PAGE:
AMERICAN NORTHWEST PREHISTORY
Contribution of Understanding Northwest Prehistory and Augmenting Ongoing Research
We feel that a comprehensive photographic record will enhance the records of Cressman and the Lorings. Their published records consist of descriptions and line drawings of many sites. We have discovered that there are images that seemingly were not recorded in their records. Additionally, that at least in several cases, their drawing may mislead the observer as to the form of the actual image. This is due in some cases to the inability of their drawings to differentiate distinctly different layers of images on a particular surface. Through field observation and notes and photographic verification we hope that our study will aid future observers in ascertaining a more accurate view of the actual images.
Our research will also take note of the conditions prevailing at the sites we visit: noting such things as the various degrees of repatination, lichen growth, spalling, calcification, vandalism, etc. and how that might affect future study. Variances from Lorings’ observations will be particularly noted.
In 2011 we will continue to attempt to visit sites that we have not yet visited. With the help of Lorings’ original field notes, Google Earth maps, hand held GPS system and our growing familiarity with the territory, we feel confident of accomplishing those goals.
I will continue working on the creation of comprehensive maps of rock art locations that will greatly aid future legitimate explorers, conservators and stewards. The fact that such maps would be available through a reliable "firewall", i.e. the OAS, will aid in the protection of the sites. I will continue to work with the Google Earth software that will facilitate higher print quality and richer annotations to the maps we create. I will continue expanding my skills with the hand held GPS unit so that our explorations may be better documented and presented on maps. I will also continue to search for software that will simplify the process of transcribing photographic images to line drawings of images; there is a great program for doing this to pictographs, I will continue to search for programs and processes that will commensurately do that to petroglyphs. By using the tools available in Google’s Picasa program we have been able to greatly enhance the visibility of many of the images in the photographs we take. LeeAnn has devised a protocol that allows one to greatly increase the visibility of heavily repatinated petroglyphs.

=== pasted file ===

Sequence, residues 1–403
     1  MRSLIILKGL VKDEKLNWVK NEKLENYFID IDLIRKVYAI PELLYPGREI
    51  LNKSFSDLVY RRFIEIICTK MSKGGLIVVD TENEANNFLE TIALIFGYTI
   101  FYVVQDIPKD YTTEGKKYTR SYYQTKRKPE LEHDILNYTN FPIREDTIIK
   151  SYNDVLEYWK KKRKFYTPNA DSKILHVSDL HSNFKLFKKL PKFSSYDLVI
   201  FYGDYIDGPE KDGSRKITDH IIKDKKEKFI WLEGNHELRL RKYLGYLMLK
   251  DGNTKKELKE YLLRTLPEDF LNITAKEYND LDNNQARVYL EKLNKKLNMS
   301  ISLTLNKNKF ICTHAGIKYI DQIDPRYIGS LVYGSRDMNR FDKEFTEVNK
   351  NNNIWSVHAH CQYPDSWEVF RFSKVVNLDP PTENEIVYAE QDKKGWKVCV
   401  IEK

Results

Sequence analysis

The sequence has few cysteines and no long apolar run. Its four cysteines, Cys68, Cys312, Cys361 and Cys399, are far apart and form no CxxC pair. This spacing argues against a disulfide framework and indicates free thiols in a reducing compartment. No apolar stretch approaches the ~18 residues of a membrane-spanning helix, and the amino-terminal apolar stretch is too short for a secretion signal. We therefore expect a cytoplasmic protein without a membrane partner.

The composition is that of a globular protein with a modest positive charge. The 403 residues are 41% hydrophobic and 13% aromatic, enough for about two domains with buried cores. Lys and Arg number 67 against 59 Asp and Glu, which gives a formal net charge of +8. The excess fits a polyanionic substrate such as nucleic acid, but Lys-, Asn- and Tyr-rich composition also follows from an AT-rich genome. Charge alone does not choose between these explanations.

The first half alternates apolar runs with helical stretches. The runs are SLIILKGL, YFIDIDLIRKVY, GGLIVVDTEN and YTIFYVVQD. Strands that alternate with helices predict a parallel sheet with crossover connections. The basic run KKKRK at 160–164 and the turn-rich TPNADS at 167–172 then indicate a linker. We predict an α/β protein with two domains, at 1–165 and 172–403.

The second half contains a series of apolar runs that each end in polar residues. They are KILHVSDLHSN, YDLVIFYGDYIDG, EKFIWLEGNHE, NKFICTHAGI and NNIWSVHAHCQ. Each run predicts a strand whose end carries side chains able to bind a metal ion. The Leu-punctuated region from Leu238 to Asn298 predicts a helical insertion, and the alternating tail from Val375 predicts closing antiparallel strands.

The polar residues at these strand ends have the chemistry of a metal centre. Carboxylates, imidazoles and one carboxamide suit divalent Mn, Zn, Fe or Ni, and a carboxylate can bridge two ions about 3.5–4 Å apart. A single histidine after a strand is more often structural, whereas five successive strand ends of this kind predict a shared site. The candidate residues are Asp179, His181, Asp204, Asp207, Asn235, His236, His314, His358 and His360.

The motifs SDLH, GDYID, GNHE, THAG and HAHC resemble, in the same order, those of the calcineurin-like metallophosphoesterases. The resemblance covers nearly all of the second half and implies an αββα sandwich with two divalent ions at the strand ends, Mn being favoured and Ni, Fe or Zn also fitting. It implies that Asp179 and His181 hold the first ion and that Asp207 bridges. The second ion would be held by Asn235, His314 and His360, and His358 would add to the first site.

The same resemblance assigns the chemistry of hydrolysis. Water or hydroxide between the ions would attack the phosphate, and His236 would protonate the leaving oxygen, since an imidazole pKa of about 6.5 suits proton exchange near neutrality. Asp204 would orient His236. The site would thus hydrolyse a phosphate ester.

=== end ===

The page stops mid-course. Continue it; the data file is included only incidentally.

As we continue to refine our use of that program, our photographic records increase their value in contributing to the body of knowledge. I continue to work with various programs in my quest to make 3-D perspectives of rock art sites available for public viewing and enhancement of future research.
Our efforts have brought us into contact with a number of individuals who have knowledge of many Oregon rock art sites that were not recorded by the Lorings. We are actively pursuing those relationships and adding sites thus acquired to our records. In addition, during our Rock Art Recording Expeditions and Excursions, we have already discovered a number of sites and parts of sites that were apparently undiscovered by the Lorings. In our estimation and experience there are at least one hundred sites where rock art exists in Oregon that were not included in the Loring survey. It is our goal to visit as many of those sites as we can discover and record them photographically so that they become part of the archaeological record.
The area of our concentration in these efforts again this year will be the Lake County area that is on the northern boundary of the Great Basin tradition. As resources and time become available, we will continue our exploration of the Owyhee River drainage including parts in Idaho. While other areas of this region are more familiar (the Coso Range, for instance), the amount and complexity in the Lake County area rival any in the world. In the wildest of imaginings, our documentary efforts might lead to the establishment in the area of a world heritage site.
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